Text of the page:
In his own words, “you can strike gold, or pick gold, even when you’re out to lunch”. And this expression for being out of one’s mind, sounds like a fairly accurate summation of much of the 1970s career planning on behalf of the singer.

Forming out of the ashes of Memphis cult-band Big Star, Van Duren released his widely tipped debut Are You Serious? in 1978. Despite sell out shows and rave reviews, his dysfunctional record label refused to release his follow up, which was completed in early 1980.

What was never in doubt was Van Duren’s essential talent and musical ability. When Carey and Jackson find out that he no longer owns the rights to his own music, they set about fininshing the film and returning the legal rights to him. The emotional consequences of this decision are beautifully played out.

As well as the fantastic soundtrack drawing on Van Duren’s rediscovered classic cuts, the film also has a great visual sense helped along by the wonderful graphic-novel like illustrations of key points in the tumultuous back story by Sydney artist Aidan Roberts.

Taking the audience on a voyage through seriously strange waters, including legendary rock stars, con-men, barroom legends and Scientologists, Waiting is an enticingly entertaining and insightful feature documentary. Recommended viewing for anyone in love with creativity and keeping the flame of musical inspiration burning and alive.

Van Duren is set to tour Australia in April.

Waiting – The Van Duren Story is also screening here:

Tuesday 9 April  – Blue Room Cinebar, Brisbane QLD

Wednesday 10 April – Event Cinemas, George Street, Sydney NSW

Thursday 11 April – Cinema Nova, Melbourne VIC

Saturday 13 April – Presented by High Tide, Central Coast, NSW 
Tickets on sale and location revealed Thursday 28 February

Friday 26 April – The Gum Ball Festival, Dashville (Hunter Valley) NSW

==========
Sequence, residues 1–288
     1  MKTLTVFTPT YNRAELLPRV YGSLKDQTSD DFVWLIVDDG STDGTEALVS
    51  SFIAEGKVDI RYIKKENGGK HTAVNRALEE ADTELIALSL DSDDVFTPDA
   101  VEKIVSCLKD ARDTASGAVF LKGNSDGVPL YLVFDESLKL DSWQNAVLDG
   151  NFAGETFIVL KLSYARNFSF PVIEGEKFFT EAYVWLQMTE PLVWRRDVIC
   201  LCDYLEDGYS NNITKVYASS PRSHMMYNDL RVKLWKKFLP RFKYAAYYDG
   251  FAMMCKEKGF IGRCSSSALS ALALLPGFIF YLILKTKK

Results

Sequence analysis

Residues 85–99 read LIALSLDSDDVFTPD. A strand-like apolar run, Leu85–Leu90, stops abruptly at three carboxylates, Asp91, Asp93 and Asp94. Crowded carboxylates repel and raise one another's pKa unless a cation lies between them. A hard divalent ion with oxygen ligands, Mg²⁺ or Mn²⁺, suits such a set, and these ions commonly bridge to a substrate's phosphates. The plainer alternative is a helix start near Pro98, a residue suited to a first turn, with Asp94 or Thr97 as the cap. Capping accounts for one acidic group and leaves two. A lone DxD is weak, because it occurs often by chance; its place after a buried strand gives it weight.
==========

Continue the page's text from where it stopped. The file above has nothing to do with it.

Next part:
Saturday 27 April – Bendigo Autumn Music Festival, Bendigo VIC


Thursday 18 April – The Curtin, Melbourne VIC *

Sunday 21 April – Boogie Festival, Tallarook VIC

Tuesday 23 April – Oxford Art Factory, Sydney NSW *

Thursday 25 April – Baroque Room, Katoomba NSW *

Friday 26 April – The Gum Ball Festival, Hunter Valley NSW

Sunday 28  April – Bendigo Autumn Music Festival, Bendigo VIC

*Headline shows

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A Man in a Hurry

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Alain (Fabrice Luchini) is a no-nonsense CEO of a large car manufacturer. He has what they call the gift of the gab, being able to rouse up a boardroom like no one else in the business. His career comes with a price including alienating co-workers and playing absent father to his daughter, Julia (Rebecca Marder). Suffering two large strokes in one day, Alain wakes up in hospital to discover that he’s forgotten how to use the French language. He knows exactly what he wants to say but can’t choose the right words to say it. He says some words backwards, replaces other words with similar sounding ones and will even greet a room with a cheery ‘Au revoir’.

Like Eddie Murphy in 1000 Words or Jim Carrey in Liar Liar, A Man in a Hurry follows an extremely formulaic narrative which sees him lose everything in order to regain everything. Unable to embrace his mother tongue like he used to, Alain struggles to keep his head above water in the cut throat world of car design. Conversely, his relationship with his daughter has a chance to blossom now that he’s vulnerable. And of course, there’s always time for another vaudevillian spoonerism.

It’s all so very breezy that it’s extremely easy to miss the moments of pathos that dot the linguistic landscape. Alain’s twisted tongue also comes with a patchy memory and the film makes moments of comedy – in which Alain learns about what kind of man he was – into something more poignant when he has to be reminded that his wife passed away. Later, an eloquent speech given by Alain is soon revealed to be nonsense in the ears of his audience. Sadly, these moments resonate, but they’re few and far between.